Government rules which ensure housing meets net zero targets have been branded “draconian” by a landlords group, who say costs massively outweigh benefits.
Under new proposals, landlords will be blocked from letting properties unless they upgrade them to meet net zero energy efficiency targets as soon as 2028.
Homes will be required to have an energy performance certificate (EPC) rating of C or above and landlords could face fines of up to £30,000 if they breach these rules.
Speaking exclusively to City A.M., Jonathan Rolande from the National Association of Property Buyers, has warned that the potential imposition of these rules by the government is causing much concern to property owners, landlords especially.
“The problem is, the costs to reduce energy consumption are usually high and there is very little return on the money spent.
“Landlords can’t really ask for more rent because the walls are insulated and tenants save very little on fuel bills with almost all energy-saving measures.”
“Floor insulation in a small two bedroom house would cost £4000 to £6000 and save £36 a year. With financials like this, it is easy to see why, to meet targets, the Government must impose potentially draconian rules and regulations to get us to improve our housing stock and reduce carbon emissions – without them, who would bother?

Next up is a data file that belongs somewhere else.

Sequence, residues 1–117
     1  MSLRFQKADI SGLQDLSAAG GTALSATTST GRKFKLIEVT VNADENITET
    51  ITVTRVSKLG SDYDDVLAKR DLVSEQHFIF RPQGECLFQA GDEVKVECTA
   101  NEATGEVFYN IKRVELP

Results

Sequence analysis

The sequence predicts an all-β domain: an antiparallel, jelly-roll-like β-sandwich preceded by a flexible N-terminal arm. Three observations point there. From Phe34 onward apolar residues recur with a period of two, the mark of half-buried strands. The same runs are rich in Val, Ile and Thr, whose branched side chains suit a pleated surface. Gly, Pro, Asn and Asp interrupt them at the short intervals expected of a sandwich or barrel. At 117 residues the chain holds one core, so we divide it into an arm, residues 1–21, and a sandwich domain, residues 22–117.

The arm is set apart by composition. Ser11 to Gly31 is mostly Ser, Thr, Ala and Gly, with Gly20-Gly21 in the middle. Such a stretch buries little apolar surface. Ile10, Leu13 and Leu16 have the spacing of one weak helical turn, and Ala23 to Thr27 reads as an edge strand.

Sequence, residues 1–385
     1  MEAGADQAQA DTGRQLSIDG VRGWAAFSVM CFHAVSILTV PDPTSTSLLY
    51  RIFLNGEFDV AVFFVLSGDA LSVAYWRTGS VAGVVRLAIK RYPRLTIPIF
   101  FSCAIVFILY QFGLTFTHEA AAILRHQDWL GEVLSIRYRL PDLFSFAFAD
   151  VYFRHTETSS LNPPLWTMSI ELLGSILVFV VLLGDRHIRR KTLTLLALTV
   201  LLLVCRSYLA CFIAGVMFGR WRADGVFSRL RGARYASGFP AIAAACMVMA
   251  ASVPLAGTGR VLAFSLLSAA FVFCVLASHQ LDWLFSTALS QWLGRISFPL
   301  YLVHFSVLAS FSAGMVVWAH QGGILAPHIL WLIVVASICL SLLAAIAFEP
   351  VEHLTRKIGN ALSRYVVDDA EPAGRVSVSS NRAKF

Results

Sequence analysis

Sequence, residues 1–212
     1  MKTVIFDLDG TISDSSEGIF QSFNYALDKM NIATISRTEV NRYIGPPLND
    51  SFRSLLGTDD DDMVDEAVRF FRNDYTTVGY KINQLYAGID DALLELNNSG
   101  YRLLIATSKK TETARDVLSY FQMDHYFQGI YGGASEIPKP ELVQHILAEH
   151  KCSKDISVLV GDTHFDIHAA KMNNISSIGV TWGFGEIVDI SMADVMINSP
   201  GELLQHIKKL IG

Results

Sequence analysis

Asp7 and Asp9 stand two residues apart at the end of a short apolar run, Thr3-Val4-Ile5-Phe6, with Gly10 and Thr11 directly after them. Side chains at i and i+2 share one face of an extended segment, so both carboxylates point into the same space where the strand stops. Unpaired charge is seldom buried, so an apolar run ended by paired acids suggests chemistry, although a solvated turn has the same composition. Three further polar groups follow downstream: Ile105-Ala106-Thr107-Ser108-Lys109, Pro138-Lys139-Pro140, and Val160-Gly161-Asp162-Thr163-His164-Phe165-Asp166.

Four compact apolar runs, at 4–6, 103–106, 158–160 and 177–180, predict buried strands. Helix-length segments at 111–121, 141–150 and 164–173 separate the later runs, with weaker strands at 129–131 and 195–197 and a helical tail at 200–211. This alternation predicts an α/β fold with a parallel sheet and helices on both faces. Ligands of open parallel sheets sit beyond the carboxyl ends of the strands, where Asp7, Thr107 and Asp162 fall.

“Green targets are driving this, not a traditional business case. It will soon be time for landlords to decide whether they stay in the sector or quit now, before things get even more expensive.
“Whether you agree with the targets to improve the nation’s housing stock to meet low carbon targets depends to a great extent on whether you feel that climate change is indeed caused by emissions and whether it should be our top priority or not.”
It comes as many landlords are already struggling with high costs of energy bills and mortgage repayments.
Just yesterday, figures from Moneyfacts showed that the average two-year fixed residential mortgage rate is 6.63 per cent, a figure which is very close to its October 2022 peak, when it hit 6.65 per cent following the fall out of September’s mini budget.
He continued: “Landlords, already squeezed via the removal of tax breaks and eviction red tape, will be hit hard in particular.
“Some have already sold up, while others fear being squeezed out of some of the few remaining lucrative parts of the market. Businesses are also facing the pressure, as similar regulations are introduced for commercial properties.”